An administration senatorial bet yesterday junked the proposal made by Bureau of Customs (BoC) Commissioner Rozzano Rufino Biazon abolishing the agency and have it operated by a private entity, saying that the idea should not even be considered by Malacañang.
“The abolition of the Customs bureau is not a good alternative. Let us just revive the NASTF (National Anti-Smuggling Task Force) that will help the Customs bureau in the crackdown against smugglers,” former Sen. Ramon “Jun” Magsaysay Jr. said yesterday.
The Liberal Party (LP) candidate in the Team PNoy urged Malacañang to reactivate the NASTF, its mandate is mainly that of curbing the rampant smuggling activities in the country.
President Aquino, Magsaysay said, should immediately issue an executive fiat that would reorganize the NASTF, which will be under the Office of the President and will have the functions to investigate and apprehend, among others, people found to have violated the Tariff and Customs Code of the Philippines.
“We expect that with the reactivation of the NASTF, smuggling such as undervaluation, misdeclaration and misclassification in various ports will be lessened and eventually eliminated through joint efforts by different agencies of the government,” Magsaysay, former chairman of the Senate committee on agriculture and food and committee on economic affairs, explained.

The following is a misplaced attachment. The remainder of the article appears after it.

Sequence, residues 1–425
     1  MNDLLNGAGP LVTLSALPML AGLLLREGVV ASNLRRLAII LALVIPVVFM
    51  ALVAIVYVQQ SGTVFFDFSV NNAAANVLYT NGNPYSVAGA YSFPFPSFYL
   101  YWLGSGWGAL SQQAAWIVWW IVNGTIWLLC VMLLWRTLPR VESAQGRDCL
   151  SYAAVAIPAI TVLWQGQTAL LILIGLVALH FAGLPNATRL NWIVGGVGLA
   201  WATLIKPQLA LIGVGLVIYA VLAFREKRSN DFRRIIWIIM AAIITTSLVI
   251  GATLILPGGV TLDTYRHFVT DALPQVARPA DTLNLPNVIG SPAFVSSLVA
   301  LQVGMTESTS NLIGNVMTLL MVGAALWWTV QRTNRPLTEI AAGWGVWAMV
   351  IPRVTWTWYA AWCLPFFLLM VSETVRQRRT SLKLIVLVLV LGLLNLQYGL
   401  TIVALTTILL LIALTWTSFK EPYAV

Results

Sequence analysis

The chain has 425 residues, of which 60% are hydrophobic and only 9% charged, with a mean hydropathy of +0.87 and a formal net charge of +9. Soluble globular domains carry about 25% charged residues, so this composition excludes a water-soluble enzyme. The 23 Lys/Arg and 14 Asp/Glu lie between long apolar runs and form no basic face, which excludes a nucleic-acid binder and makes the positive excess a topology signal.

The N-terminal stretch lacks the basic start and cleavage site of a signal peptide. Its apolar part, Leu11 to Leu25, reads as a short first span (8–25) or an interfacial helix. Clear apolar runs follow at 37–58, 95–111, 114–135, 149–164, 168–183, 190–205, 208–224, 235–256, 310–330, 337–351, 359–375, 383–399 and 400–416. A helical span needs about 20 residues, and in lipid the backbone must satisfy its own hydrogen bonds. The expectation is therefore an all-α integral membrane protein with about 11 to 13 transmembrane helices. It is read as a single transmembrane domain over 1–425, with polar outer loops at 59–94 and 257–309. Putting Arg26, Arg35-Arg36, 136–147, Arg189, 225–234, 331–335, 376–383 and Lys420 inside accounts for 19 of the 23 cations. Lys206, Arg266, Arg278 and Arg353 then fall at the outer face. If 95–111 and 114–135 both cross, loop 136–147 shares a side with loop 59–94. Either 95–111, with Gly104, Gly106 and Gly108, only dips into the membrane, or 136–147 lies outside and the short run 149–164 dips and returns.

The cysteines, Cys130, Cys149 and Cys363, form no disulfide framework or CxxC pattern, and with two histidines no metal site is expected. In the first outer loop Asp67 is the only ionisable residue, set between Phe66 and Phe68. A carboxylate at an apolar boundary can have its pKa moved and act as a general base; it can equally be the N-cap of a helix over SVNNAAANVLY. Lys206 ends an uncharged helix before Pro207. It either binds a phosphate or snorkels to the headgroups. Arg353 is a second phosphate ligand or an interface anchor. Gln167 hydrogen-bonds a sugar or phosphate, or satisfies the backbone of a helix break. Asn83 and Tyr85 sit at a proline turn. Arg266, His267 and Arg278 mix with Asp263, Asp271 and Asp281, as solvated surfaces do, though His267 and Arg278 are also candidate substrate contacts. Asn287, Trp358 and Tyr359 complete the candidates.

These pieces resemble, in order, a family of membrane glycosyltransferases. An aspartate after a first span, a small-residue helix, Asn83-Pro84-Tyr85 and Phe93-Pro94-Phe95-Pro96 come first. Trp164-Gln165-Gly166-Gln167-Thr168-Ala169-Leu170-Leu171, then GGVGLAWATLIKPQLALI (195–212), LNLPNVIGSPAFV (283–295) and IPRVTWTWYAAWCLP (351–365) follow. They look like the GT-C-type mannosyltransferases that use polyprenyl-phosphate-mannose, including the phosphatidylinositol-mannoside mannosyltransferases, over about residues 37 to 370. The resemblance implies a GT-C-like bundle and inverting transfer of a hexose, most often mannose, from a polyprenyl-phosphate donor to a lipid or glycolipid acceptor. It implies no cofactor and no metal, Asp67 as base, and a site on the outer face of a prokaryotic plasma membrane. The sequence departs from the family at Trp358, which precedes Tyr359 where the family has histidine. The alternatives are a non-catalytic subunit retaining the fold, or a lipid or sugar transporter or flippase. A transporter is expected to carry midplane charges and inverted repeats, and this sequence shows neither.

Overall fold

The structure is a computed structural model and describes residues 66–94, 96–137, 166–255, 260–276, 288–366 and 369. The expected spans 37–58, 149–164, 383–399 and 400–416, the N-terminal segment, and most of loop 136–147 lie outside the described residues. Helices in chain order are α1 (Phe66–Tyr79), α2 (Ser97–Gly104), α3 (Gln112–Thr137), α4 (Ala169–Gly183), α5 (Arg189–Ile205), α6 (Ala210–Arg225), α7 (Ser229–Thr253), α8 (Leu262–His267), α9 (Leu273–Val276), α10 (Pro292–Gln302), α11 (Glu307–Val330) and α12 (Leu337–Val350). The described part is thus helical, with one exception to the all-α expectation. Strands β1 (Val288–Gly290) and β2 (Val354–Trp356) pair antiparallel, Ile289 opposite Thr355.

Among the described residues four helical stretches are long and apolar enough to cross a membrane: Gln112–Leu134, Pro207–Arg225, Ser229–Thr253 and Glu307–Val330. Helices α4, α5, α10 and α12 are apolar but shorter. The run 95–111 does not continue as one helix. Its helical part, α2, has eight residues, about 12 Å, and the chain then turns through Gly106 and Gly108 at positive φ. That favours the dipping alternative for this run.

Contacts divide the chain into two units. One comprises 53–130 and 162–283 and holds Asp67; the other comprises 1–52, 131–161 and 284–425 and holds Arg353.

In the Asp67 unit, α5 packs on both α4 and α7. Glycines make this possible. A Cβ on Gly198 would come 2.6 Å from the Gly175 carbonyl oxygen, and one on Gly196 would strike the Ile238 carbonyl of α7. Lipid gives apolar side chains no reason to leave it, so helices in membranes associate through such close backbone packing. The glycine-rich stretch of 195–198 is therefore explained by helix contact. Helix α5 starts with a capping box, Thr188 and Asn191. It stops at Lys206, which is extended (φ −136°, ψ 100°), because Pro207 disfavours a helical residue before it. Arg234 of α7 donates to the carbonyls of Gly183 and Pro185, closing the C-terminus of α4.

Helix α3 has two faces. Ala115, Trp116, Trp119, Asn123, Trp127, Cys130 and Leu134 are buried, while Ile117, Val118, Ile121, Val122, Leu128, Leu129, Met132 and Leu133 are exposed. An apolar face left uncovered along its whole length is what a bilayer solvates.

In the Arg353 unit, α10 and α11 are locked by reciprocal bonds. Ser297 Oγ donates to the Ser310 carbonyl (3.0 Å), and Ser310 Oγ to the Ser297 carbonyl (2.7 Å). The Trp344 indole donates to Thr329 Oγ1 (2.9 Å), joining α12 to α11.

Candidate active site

Earlier, reports said that the government is being deprived of more than P30 billion in annual customs and tax revenues due to smuggling, particularly of oil and agricultural products.
Instead of abolishing the BoC, the government must find a way to adopt best practices and reform the agency, said Magsaysay.
Calls to abolish the BoC floated as oil firms complained of unabated smuggling which result to foregone revenues on the part of the government.
Monday, 15 April 2013 00:00 Published in Nation
A Palace ally in the Senate yesterday blamed the exorbitant fees and numerous collection of taxes as the driving force behind the continuing massive smuggling in the country.
Sen. Ralph Recto, in junking the idea of privatization of the Bureau of Customs (BoC), said that rationalization of the current rate of tariffs and duties being collected by revenue-generating agencies should be reviewed if the government is serious in curbing corruption and smuggling activities.
“It’s the market that dictates that. If there’s no exorbitant taxes, high duties or excise taxes, there would be no room for smuggling. If we impose reasonable taxes, smuggling would be very minimal,” the chairman of the Senate ways and means committee said.
Recto was reacting to calls in having the BoC run by a private entity and managed by professionals or highly-competent indivuals outside of the government to stamp out corruption in the customs agency.